Present evidence points toward a darker pelage during the summer than winter, although the interseasonal variations described above complicate classification.
Death Valley lambs are generally a bluish gray at birth, with occasional tints of brown and indistinct markings. (See figs. 34, 35, 36.) The rump patch gradually becomes more distinct but remains yellowish until the lamb is about 6 weeks of age, when the patch becomes still more distinct and a clearer white (fig. 61), with a distinct rump patch, and white leg-lining, the dark body color matching the mother's.
There appear to be some regional or family characteristics of coloration. The Badwater band of six evidenced a rich chocolate-brown color of adults and immatures alike, with no noticeable variation between even the 5-month-old lamb and its 4-year-old mother.
On March 2, 1955, this notation was made of a band of six in Echo Canyon:
The Willow Creek herd within our observations have been uniformly dark with blackish tints and distinct white markings. (See fig. 47.)
On September 19 and 20, 1955, we photographed a band of seven at Indian Pass that ranged in color from dark mahogany to pale cream. A band of 18 Paleomesa sheep were so uniformly brown in color that identification beyond horn-print distance was impossible.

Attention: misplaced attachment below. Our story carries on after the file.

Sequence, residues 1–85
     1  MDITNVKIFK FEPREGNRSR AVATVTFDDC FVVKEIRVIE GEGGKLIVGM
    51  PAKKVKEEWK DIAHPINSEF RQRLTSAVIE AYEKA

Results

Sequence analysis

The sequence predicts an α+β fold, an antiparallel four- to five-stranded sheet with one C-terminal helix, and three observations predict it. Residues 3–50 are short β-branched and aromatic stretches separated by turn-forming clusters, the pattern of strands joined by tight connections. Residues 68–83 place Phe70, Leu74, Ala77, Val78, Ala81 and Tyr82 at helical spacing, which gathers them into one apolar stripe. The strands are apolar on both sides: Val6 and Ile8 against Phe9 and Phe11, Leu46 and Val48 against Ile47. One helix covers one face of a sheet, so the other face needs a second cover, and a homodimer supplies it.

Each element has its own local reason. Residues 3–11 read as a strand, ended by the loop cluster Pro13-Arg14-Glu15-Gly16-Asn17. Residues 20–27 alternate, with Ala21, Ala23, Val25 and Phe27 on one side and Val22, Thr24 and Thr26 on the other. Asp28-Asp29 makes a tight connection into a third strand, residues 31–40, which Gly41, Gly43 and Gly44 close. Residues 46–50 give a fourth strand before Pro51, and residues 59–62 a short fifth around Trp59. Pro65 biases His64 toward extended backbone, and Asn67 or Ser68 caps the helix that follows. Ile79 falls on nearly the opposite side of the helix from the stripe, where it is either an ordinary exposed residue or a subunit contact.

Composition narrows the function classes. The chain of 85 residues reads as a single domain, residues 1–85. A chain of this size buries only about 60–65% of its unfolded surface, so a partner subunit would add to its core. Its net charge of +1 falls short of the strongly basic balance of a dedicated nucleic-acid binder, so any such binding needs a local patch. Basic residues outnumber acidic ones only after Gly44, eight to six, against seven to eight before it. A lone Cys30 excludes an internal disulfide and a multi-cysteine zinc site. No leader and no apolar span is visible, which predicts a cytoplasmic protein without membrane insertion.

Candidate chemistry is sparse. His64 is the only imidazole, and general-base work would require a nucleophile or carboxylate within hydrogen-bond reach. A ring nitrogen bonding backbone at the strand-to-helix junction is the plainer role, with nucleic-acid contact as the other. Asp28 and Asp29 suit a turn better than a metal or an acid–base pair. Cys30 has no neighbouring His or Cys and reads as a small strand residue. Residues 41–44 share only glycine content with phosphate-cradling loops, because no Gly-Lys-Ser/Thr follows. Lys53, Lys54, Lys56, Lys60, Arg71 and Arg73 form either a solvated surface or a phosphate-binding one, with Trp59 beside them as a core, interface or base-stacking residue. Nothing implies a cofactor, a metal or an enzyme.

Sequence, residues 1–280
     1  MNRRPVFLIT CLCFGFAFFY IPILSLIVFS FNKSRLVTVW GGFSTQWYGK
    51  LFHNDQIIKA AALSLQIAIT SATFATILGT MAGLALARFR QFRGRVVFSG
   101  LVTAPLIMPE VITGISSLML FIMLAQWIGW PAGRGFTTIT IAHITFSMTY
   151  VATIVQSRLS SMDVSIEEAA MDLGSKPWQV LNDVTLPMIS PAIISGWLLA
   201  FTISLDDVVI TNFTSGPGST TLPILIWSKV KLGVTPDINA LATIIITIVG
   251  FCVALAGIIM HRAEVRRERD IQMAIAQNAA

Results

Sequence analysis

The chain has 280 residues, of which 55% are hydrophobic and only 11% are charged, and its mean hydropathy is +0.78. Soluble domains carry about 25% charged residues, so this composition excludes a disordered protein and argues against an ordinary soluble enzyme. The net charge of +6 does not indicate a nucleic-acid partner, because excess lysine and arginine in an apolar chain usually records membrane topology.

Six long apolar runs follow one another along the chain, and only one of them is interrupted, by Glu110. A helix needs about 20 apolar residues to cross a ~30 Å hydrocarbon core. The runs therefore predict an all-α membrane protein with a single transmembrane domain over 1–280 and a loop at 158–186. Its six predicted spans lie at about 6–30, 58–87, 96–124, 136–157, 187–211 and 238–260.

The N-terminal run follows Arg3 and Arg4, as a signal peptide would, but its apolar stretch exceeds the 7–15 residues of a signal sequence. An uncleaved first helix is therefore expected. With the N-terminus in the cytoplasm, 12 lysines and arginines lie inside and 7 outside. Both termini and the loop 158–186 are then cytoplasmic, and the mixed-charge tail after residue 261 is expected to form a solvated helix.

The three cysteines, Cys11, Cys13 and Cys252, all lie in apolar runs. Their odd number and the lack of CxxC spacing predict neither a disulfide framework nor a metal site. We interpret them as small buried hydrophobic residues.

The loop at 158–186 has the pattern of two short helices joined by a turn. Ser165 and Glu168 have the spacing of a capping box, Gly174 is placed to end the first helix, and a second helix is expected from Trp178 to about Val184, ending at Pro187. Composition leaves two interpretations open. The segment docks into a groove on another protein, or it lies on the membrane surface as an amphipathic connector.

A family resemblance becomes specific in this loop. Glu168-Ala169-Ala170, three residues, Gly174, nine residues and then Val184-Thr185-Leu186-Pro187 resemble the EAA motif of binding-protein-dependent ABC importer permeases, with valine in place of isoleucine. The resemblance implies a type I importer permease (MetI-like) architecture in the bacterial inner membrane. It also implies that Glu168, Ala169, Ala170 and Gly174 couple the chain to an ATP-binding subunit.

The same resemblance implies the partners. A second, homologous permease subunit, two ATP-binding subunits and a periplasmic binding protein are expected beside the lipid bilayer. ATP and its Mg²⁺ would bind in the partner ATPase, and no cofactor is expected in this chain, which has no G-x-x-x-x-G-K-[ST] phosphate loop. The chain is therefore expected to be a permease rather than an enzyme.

That entire bands in the same area may differ in color from each other was demonstrated in the Death Valley Buttes by the 1958 band of 14 cream-colored sheep and the 1961 band of 27, ranging in color from very dark gray to light tan.
The 28 at Quartz Spring, 1960, were all gray with 2 of the darkest we have seen anywhere.
Pelage is somewhat of an indicator of relative physical condition to the extent that systemic or glandular malfunction, regardless of the causative agent, is usually reflected in a rough, lacklustre coat. (See fig. 39.)
Many of the 1956 Nevares population had a mottled appearance, apparently caused by incomplete molt. We saw practically no sign of this in any of the mature ewes or rams in the succeeding years through 1960, but some of the younger rams retained "shawls" throughout the summer.